This blog is for everyone who uses words.

The ordinary-sized words are for everyone, but the big ones are especially for children.



Wednesday, 26 June 2013

Nuts and Bolts: RkReÜAÜG

No one needs RkReÜAÜG any more.
 
In most ways this is a good thing, because RkReÜAÜG is a law ordering that cattle must be checked for mad cow disease. We must all rejoice that these checks no longer required.

To make things even better, the removal of the word RkReÜAÜG from the list of official German words will save quite a lot of ink. (The full version of the word, Rindfleischetikettierungsüberwachungsaufgabenübertragungsgesetz, is almost enough to empty an ink cartridge all by itself.)

The slightly sad thing about RkReÜAÜG's loss is that it was the longest official word (that is, one that appeared in official texts) in the German language.

German words that consist, as Rindfleischetikettierungsüberwachungsaufgabenübertragungsgesetz does, of lots of words tacked together are called Bandwurmwörter - "tapeworm words", and, in theory, a German word made like this can go on forever.

The fondness of the German language for Bandwurmwörter does produce some oddities, but it's a good way of making new words because the results are usually easy to understand. The trouble is that they're often too long to use easily: even the German word for lorry - Lastkraftwagen - is usually said Lkw.

German-speaking people have a lot of fun with Bandwurmwörter. There's a game which begins with Donaudampfschiff - Danube steamship - the point of which is to see what can be done to make it even longer. The champion, so far as I know, is  Donaudampfschifffahrtselektrizitätenhauptbetriebswerkbauunterbeamtengesellschaft, or the Association for Subordinate Officials of the Head Office Management of the Danube Steamboat Electrical Services.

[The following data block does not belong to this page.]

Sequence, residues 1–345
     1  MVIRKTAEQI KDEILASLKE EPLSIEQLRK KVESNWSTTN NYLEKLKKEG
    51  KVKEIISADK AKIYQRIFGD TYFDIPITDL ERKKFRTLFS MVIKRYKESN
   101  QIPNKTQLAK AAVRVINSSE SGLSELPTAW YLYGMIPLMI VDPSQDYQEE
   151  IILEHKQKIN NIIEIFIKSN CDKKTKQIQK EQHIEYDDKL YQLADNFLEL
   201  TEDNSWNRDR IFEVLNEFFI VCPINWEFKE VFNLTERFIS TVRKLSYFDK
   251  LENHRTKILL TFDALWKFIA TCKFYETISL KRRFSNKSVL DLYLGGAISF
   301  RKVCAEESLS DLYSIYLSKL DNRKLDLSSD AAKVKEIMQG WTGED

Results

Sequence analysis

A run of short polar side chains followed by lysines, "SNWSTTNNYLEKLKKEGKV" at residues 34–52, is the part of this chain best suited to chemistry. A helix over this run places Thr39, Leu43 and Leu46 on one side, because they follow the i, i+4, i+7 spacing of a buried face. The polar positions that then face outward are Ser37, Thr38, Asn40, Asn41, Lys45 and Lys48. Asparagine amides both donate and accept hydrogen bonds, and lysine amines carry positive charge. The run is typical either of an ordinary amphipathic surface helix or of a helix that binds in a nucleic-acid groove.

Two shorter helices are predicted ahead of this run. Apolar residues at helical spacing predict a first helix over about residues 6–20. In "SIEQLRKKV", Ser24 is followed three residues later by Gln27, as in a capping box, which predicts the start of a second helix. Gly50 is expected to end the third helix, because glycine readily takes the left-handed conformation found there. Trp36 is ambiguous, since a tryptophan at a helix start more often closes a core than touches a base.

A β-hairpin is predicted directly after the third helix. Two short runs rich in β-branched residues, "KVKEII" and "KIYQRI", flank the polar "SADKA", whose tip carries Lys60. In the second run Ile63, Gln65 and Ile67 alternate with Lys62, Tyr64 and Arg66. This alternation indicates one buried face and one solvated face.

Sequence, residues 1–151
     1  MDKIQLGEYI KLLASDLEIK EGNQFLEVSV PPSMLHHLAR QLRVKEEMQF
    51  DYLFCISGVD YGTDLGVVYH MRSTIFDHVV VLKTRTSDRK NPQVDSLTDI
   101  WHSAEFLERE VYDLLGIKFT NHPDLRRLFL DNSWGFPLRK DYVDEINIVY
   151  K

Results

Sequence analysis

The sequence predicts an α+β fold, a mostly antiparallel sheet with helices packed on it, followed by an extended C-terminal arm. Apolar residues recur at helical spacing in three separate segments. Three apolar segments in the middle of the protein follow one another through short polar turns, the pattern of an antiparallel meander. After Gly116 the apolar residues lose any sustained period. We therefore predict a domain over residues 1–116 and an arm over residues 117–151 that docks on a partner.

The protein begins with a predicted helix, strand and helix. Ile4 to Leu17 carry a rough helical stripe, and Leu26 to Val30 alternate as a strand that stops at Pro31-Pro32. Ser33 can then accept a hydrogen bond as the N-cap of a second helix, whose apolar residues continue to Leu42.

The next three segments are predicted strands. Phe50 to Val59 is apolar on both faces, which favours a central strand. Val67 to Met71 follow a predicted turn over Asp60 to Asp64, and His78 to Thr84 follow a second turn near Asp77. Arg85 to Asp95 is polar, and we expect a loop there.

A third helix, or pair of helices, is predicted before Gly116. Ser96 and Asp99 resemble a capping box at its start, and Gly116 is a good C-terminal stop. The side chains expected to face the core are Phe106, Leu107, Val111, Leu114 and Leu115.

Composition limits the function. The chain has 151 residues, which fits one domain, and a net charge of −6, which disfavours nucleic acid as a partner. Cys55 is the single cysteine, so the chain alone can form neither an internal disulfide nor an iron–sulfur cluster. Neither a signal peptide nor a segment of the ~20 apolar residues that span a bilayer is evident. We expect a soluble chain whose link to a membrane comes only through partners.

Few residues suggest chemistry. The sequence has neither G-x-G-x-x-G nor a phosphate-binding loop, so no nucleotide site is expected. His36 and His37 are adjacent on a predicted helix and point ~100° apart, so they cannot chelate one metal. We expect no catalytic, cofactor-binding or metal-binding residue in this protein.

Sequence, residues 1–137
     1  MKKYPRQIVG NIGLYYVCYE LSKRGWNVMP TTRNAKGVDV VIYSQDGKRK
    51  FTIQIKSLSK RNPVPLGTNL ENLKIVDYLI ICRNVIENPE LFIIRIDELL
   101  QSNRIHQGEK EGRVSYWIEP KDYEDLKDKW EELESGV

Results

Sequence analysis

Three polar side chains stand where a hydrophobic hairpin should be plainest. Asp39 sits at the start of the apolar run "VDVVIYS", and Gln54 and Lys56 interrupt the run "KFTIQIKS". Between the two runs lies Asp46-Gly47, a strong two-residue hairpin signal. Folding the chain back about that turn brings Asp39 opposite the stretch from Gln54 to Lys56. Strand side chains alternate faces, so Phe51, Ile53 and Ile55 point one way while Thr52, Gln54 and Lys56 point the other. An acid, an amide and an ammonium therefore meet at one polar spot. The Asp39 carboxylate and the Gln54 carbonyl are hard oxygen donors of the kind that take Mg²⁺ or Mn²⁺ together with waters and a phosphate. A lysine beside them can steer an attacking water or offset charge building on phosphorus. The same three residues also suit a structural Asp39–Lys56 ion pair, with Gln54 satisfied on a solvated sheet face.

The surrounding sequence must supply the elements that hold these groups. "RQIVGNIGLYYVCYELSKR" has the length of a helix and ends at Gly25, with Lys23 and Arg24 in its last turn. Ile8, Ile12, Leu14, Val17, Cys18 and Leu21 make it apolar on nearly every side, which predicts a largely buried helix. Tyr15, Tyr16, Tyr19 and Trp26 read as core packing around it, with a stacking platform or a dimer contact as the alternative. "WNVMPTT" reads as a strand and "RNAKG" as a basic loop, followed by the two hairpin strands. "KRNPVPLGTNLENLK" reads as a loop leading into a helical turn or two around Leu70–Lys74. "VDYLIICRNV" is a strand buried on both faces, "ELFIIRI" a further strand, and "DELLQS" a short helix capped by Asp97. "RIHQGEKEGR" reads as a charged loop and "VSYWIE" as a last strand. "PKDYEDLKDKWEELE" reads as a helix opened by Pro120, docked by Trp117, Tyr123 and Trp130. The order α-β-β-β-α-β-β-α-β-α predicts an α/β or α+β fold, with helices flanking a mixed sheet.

Yes, it's ridiculous. But, as I must point out, it's shorter than the English translation.

Word To Use Today: The longest word in the English language is of course the word smiles, because there's a mile between one end of it and the other.

It comes from the Middle High German smielen.


 

2 comments:

  1. What about the world 'slightyears'? Because there's a light-year between the start and the end of that, and a light-year, as we all know, is soooo much longer than a mile.

    A German speaking friend recently read me that word that's just been taken out of the German dictionary. It was a jolly romp to listen to, although I had to lie down after and he went a bit dizzy.

    Oh, I should come clean: I made up the word 'slightyears'. But I did have you going for a second, didn't I? Come on! Admit it!

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    Replies
    1. This did make me laugh, Ed! Thanks!

      I love slightyears, even though at first I thought it was one of Noddy's classier chums.

      Anyway, if you and I use slightyears, and understand it, doesn't that make it a word?

      Ah. But come to think about it I don't understand it...Rats.

      There's always a snag, isn't there.

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